Before the dust had even settled on the Minister for Education’s recent announcement that Kazakhstani universities will issue their own degree certificates from 2021, the next reform agenda for higher education in the country has been laid out. Speaking at a 2 April meeting with university rectors and faculty members, Deputy Prime Minister Dariga Nazarbayeva raised the hot topics of university autonomy and academic freedom.
(Before I move on, let me remind you again that Nazarbayeva is the President’s daughter – her family name is a bit of a giveaway – just in case anyone else out there is wondering who might be in line to take Nazarbayev’s place when the eventual succession happens…)
Apparently achieving autonomy is not just the government’s task but its “dream”, according to Nazarbayeva, making what I can only see as an extremely tenuous connection between academic independence and the prospect of reduced funding from the state. Perhaps it was the eliding of autonomy with talk of greater commercialization that explains the link; but either way, it was an odd pairing.
Autonomy in a university setting would imply more robust internal governance mechanisms and greater authority to manage budgets and recruit people – including university leaders, who are currently appointed by the state. It tends not to be associated with financial cutbacks, although in the grander scheme of transforming universities into the mould of recent Western educational reforms, this drive for “Kazakhstani modernization” would not be out of step with the shifts seen in contexts such as the UK and USA.
These shifts can been neatly encapsulated by the phrase “academic capitalism” (Slaughter and Rhoades, 2009), implying knowledge becoming a commodity to be capitalized on rather than knowledge as a public good or even (heaven forbid) knowledge for its own sake.
The detail of how Kazakhstan’s universities are to be given greater autonomy and academic freedom have not yet been spelled out. To get some indication of how this might work, we need to look at what’s happening at Nazarbayev University, which I have written about several times over the last five years on this blog. One of the university’s missions is to be a model for higher education system reform in Kazakhstan, and to that end, the principles of autonomy and academic freedom are actually enshrined in legislation from 2011.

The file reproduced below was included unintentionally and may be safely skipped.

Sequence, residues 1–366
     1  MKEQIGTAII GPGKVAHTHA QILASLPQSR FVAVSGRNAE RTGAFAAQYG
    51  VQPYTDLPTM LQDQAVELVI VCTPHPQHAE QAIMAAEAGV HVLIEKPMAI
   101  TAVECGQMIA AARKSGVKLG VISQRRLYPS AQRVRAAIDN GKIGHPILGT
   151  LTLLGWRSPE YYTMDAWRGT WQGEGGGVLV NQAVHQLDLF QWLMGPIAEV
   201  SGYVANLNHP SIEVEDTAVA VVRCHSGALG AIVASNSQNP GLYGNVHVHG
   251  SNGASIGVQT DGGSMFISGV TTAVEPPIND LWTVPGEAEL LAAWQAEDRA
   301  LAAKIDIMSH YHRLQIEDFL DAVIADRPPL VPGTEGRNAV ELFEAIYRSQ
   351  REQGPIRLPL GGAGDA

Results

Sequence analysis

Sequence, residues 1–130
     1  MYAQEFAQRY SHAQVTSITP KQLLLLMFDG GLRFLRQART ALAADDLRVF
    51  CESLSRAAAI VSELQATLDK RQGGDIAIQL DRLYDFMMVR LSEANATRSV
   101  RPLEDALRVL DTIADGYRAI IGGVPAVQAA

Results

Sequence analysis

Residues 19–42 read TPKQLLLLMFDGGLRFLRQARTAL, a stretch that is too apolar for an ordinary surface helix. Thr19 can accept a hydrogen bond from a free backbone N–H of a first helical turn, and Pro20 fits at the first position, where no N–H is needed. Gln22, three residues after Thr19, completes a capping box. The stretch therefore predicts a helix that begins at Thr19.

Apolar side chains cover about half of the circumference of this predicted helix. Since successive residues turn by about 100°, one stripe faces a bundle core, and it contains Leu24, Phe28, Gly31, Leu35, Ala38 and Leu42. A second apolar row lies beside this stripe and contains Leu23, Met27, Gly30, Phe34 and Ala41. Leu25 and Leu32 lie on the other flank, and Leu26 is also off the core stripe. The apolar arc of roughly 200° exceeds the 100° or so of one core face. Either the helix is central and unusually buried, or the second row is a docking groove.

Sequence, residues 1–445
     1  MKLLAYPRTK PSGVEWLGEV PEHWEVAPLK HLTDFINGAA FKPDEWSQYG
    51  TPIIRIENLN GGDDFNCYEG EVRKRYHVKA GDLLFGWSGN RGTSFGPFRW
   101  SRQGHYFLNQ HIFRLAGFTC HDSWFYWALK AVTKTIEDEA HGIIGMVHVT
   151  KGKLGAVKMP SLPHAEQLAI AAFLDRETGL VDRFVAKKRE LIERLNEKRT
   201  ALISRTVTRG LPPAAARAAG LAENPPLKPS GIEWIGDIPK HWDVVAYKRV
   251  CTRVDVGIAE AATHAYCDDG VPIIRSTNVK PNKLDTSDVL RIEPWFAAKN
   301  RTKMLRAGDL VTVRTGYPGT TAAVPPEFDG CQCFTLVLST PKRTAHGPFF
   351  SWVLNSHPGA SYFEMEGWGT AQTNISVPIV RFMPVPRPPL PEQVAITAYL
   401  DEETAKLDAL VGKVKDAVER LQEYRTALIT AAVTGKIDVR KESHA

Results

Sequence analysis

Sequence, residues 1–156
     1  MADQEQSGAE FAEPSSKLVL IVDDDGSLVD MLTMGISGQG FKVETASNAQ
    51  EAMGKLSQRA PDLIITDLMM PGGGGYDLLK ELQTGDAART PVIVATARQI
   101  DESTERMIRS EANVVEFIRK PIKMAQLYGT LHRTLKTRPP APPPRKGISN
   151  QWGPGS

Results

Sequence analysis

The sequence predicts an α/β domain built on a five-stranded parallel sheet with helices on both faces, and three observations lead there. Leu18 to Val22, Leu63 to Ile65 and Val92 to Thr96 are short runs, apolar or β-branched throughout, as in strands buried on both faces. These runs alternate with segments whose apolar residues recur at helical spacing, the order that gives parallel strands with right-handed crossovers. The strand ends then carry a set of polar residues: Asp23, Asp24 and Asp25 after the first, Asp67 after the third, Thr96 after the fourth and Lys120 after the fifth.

My assessment of the situation at Nazarbayev University (named after the President; his daughter’s not been around in a senior position long enough to have anything named after her yet) is that these principles are holding up, though it’s still very early days. You can find evidence of research on areas that in other Central Asian countries would most definitely not be permitted (e.g. on political opposition in post-Soviet countries) and people I’ve talked to with experience inside the university suggest that faculty recruitment is generally open and merit-based.
There are a lot of challenges for autonomous governance at Nazarbayev University though, not least stemming from Kazakhstan’s heritage of the top-heavy, bureaucratic and intrusive Soviet higher education system. And whilst the Kazakhstan government might be endeavouring to present itself both domestically and internationally as on a single-minded drive towards change, elements of that heritage still linger. Despite pronouncing the importance of autonomy and academic freedom, Nazarbayeva in her speech (read it in Russian here or in awkward and incomplete translation into English here) explicitly said that the government will “talk sternly” with those in the academy who resist changes. So much for plurality of voices and opinions!
The Kazakhstani government must be careful to bring universities on board with plans for reforms, and not get swept away in their fervour for fast results. Without genuine consensus at both policy development and implementation stages, the level of change is likely to be superficial at best.
Slaughter, S. & Rhoades, G. (2009). Academic capitalism and the new economy. Baltimore: John Hopkins University Press.